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Robot navigation technology – which helped NASA’s persistence land on Mars – will explore the deep ocean

Terrain-related navigation helped Endurance land – and fly Ingenuity – autonomously on Mars. Now is the time to test a similar system while exploring another frontier.

On May 14, the National Oceanic and Atmospheric Administration (NOAA) ship Okeanos Explorer took off from Port Canaveral, Florida for a two-week expedition led by NOAA Ocean Exploration, featuring the technology demonstration of an autonomous underwater vehicle.

This new class of underwater robots, called Orpheus, will demonstrate a system that allows it to navigate and identify interesting scientific features on the sea floor.

Terrain-related navigation was instrumental in helping NASA’s Mars 2020 Perseverance Mars rover make its accurate landing on the Red Planet on Feb.18. The system enabled the descending robot to visually map the Martian landscape, identify hazards, and then choose a safe place to land without human assistance.

Similarly, the agency’s Ingenuity Mars helicopter uses a vision-based navigation system to track surface features on the ground in flight to estimate its movements across the surface of Mars.

Developed by engineers at NASA’s Jet Propulsion Laboratory in Southern California, an evolution of the vision-based navigation used on Mars will now undergo a test drive a little closer to home: off the US east coast in the Atlantic Ocean.

Large, powerful location locating equipment such as sonar would normally be required to navigate the dark and often murky waters near the sea floor.

Using an energy-efficient system of cameras and lights, along with advanced software, Orpheus is an order of magnitude lighter than most deep-sea submersibles.

Orpheus is smaller than a quad and weighs about 250 pounds. It is designed to be manoeuvrable, easy to use and rugged while exploring depths inaccessible to most vehicles.

Designed by Woods Hole Oceanographic Institution (WHOI) in collaboration with JPL, Orpheus can work untethered virtually anywhere in the ocean, including the most extreme depths.

Ultimately, the project team hopes to see a swarm of these underwater robots work as a team to build 3-D maps of the expanses of the unexplored ocean floor in the hadal zone – areas deeper than 6,000 meters (20,000 feet). But before the robot can explore these depths, it must first be put to the test in shallower water.

Diving into the future

“This technical demo will be used to collect data to demonstrate the viability of terrain-related navigation in the ocean and to show how multiple robots will work together in extreme environments,” said Russell Smith, mechanical engineer robotics at JPL.

“These tests will put us on track to initiate future dives in the hadal zone and intelligently search for exciting areas of high biological activity.

Orpheus’ version of vision-based navigation is called visual-inertial odometry or xVIO, and it works using a system of advanced cameras and pattern recognition software, along with instruments that can accurately measure orientation and movement. As Orpheus travels across the sea floor, xVIO identifies features – such as rocks, shells, and coral – beneath the vehicle.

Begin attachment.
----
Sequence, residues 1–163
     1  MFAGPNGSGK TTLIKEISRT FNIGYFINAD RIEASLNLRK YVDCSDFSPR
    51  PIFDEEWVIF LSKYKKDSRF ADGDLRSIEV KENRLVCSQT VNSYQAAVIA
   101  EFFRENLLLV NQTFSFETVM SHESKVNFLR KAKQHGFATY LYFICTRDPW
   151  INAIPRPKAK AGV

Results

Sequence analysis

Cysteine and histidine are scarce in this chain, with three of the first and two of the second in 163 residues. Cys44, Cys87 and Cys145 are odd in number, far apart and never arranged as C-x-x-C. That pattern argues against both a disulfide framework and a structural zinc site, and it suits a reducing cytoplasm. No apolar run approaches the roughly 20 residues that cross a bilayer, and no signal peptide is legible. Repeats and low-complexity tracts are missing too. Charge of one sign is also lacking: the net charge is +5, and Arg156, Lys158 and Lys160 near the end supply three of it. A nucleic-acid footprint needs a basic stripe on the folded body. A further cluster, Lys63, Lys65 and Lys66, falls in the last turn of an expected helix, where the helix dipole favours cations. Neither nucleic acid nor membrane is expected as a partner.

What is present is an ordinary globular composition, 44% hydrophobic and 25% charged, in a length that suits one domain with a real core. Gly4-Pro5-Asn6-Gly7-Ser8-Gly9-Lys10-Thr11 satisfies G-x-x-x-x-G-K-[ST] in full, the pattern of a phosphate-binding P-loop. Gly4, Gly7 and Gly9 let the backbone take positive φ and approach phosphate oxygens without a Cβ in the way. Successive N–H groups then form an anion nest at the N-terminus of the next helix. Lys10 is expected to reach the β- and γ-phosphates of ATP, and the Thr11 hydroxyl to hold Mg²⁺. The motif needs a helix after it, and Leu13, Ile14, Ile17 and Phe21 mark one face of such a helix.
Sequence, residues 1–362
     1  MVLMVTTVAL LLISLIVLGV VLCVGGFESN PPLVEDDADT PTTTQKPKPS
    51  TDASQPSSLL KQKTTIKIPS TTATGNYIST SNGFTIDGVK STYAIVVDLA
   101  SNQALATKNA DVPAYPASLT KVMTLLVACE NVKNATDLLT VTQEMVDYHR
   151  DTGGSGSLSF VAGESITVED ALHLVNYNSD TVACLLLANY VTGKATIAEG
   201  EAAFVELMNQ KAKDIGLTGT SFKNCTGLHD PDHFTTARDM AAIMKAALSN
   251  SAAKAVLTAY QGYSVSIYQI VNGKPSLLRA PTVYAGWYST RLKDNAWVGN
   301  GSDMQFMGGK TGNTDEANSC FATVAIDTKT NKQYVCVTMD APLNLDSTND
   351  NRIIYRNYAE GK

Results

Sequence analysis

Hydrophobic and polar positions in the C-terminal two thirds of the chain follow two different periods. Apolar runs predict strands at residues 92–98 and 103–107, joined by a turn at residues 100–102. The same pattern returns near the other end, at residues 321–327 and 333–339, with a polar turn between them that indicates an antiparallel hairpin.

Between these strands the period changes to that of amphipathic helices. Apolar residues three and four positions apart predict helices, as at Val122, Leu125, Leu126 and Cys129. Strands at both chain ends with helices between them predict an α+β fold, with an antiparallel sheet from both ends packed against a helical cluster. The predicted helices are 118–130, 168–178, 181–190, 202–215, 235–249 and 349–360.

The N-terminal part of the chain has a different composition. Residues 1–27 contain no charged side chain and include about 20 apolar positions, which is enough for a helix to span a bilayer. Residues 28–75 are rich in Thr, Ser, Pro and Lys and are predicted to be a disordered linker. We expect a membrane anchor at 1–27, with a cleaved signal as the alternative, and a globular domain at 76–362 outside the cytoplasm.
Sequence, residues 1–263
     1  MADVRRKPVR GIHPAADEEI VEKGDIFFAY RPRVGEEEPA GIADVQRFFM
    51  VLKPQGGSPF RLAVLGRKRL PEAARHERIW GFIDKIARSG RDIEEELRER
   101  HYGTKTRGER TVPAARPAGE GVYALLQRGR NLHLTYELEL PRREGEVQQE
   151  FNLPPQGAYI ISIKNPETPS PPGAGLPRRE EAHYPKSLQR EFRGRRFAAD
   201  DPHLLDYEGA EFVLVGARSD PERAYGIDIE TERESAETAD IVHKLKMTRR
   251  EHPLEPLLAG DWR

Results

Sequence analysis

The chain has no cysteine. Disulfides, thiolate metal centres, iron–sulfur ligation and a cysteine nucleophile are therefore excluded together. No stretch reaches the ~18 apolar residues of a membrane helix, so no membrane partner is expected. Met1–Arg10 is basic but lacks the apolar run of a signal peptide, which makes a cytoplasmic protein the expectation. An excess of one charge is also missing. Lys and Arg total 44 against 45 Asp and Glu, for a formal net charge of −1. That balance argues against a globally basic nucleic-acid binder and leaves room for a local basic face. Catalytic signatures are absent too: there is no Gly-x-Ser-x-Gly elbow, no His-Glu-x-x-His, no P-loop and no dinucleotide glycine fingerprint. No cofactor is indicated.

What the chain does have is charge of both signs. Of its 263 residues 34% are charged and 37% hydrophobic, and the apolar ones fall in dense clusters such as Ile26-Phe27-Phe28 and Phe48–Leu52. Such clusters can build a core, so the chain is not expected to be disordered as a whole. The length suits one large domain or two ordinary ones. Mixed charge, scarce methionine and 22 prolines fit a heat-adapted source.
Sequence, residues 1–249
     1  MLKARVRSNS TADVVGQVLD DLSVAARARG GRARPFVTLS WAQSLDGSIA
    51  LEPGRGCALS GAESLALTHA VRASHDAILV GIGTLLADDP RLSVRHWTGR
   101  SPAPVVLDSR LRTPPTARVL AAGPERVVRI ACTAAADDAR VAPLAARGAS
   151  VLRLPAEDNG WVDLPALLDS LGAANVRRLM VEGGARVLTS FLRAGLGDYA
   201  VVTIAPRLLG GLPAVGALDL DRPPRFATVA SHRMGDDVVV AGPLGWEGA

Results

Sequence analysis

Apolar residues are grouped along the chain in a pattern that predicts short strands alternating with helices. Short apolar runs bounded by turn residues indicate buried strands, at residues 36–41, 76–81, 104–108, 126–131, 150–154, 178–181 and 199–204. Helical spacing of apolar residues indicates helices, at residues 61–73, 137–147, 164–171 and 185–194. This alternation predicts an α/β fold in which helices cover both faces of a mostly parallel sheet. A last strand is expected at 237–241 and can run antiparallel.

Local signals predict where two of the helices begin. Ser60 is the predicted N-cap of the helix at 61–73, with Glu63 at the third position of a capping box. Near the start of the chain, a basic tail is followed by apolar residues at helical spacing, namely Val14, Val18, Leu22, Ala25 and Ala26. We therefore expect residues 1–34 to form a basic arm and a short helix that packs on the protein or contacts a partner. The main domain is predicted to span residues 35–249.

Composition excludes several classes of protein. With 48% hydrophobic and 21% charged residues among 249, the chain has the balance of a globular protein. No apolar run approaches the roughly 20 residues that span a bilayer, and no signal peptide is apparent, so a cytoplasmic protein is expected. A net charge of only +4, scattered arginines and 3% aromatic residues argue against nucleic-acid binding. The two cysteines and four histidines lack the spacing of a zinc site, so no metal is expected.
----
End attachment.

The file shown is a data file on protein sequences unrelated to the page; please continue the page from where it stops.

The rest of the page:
Just like memorizing landmarks on a road trip, xVIO will create 3D maps using these features as waypoints to help navigate it. But this system is more than just a means of preventing the underwater robot from getting lost.

The high-resolution maps that xVIO creates are stored in memory so that when Orpheus returns to the area, it will recognize the unique distribution of its features and use it as a starting point to expand its exploration.

And when working with robot friends, maps can be shared, cross-referenced and developed to quickly identify areas of scientific interest. “In the future, some of the most extreme ocean environments will be within our reach.

From deep ocean trenches to hydrothermal vents, there are many new destinations we’ll explore, ”said Andy Klesh, also a systems engineer at JPL. “By staying small, we’ve developed a new, simplified tool for ocean scientists – one that will directly benefit NASA as an analog system for autonomous space exploration.

” But Klesh noted another virtue of the collaboration between NASA and organizations such as WHOI and NOAA, with their extensive oceanographic expertise:

the technologies being developed to explore Earth’s oceans with smart, small and robust autonomous underwater vehicles could eventually are used to explore the oceans on other worlds.

Terrestrial analogues are often used as environmental influences for other locations in the solar system. For example, the moon of Jupiter, Europa, possesses an underground ocean that can provide favorable conditions for life.

At hadal depths on Earth, the pressure is roughly equal to the bottom of Europe’s subterranean ocean, which is believed to be perhaps 50 miles deep,” said Tim Shank, the biologist who runs the Hadal Exploration (HADEX) program.

the WHO. “It is profound to think that this expedition could be the springboard for new discoveries about our own planet, including answering that most fundamental question:

is life unique to Earth, or are there other places beyond this pale blue dot? life could have originated?But before we can explore Europe or any other ocean world, we need to understand our own home better. “